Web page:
Beyond the misdeeds of mortgage originators, the bond investors might want to learn more about the role of rating agencies by purchasing a copy of a paper written by Joshua Rosner, a managing director of Graham Fisher & Co., an investment research firm in New York, and Joseph Mason, an associate finance professor at Drexel University in Philadelphia.
From a forensic perspective, the rating agencies allegedly have their fingerprints all over the structuring of sub-prime mortgages, according to the paper.
SEC has commenced a formal inquiry into market practices concerning research analysts and the potential conflicts that can arise from the relationship between research and investment banking. The inquiry will be conducted jointly with the New York Stock Exchange, the National Association of Securities Dealers, New York Attorney General Eliot Spitzer, the North American Securities Administrators Association and the states. The inquiry will help determine the necessity of additional rulemaking and whether any laws have been violated.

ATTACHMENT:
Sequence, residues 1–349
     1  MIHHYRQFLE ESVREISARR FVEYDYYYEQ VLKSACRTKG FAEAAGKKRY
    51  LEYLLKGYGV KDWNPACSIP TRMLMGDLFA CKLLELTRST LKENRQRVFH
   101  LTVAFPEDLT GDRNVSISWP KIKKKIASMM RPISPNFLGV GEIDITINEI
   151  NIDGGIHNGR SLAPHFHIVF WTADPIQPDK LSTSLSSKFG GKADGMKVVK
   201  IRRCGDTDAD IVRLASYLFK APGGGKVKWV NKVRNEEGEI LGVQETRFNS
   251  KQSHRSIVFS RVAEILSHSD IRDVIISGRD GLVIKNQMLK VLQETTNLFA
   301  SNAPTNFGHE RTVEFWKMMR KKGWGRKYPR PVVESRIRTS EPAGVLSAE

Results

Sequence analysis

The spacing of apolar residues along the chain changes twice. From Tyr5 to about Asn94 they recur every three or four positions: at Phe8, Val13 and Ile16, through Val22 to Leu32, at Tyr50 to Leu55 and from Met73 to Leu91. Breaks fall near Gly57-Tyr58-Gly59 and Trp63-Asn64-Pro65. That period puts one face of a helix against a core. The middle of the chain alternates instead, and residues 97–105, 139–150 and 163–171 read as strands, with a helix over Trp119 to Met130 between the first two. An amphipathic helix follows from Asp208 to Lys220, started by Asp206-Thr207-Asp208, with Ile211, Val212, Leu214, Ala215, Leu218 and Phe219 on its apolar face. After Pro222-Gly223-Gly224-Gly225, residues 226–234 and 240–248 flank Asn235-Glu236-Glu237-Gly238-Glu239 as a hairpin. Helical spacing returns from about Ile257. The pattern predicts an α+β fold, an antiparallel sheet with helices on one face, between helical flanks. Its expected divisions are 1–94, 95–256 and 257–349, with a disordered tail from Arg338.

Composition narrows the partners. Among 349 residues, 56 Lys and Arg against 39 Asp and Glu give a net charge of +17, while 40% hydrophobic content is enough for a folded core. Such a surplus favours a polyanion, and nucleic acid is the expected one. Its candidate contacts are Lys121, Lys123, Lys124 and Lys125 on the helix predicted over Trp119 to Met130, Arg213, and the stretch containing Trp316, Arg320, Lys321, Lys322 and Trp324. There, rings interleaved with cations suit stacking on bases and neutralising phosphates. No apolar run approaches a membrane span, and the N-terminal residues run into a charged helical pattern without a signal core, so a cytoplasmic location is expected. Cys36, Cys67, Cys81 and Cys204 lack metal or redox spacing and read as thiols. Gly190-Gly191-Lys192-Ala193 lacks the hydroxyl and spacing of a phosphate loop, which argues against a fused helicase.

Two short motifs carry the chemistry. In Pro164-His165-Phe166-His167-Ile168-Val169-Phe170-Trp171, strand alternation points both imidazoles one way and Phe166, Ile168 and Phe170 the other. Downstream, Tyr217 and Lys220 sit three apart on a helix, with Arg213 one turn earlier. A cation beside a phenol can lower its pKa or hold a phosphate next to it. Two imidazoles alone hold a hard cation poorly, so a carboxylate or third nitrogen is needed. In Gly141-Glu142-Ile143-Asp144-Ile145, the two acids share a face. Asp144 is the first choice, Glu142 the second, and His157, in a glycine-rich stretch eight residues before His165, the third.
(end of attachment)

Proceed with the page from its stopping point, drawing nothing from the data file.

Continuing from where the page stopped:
The Commission's active review of analyst practices was undertaken in conjunction with the legislative oversight of the House Financial Services Committee. "The recent disclosures that resulted from the investigation by the New York State Attorney General, as well as the practices uncovered by the staff of the SEC, the NYSE and NASD, reinforced the Commission's conclusion that further inquiry is warranted," SEC Chairman Pitt said.
The Red River Valley has the lowest elevation of three distinct geographic regions, rising in steppe like fashion from east to west, in North Dakota. The Red River Valley is the former bed of glacial Lake Agassiz and the river drains a watershed region that extends north until the river reaches the Hudson Bay.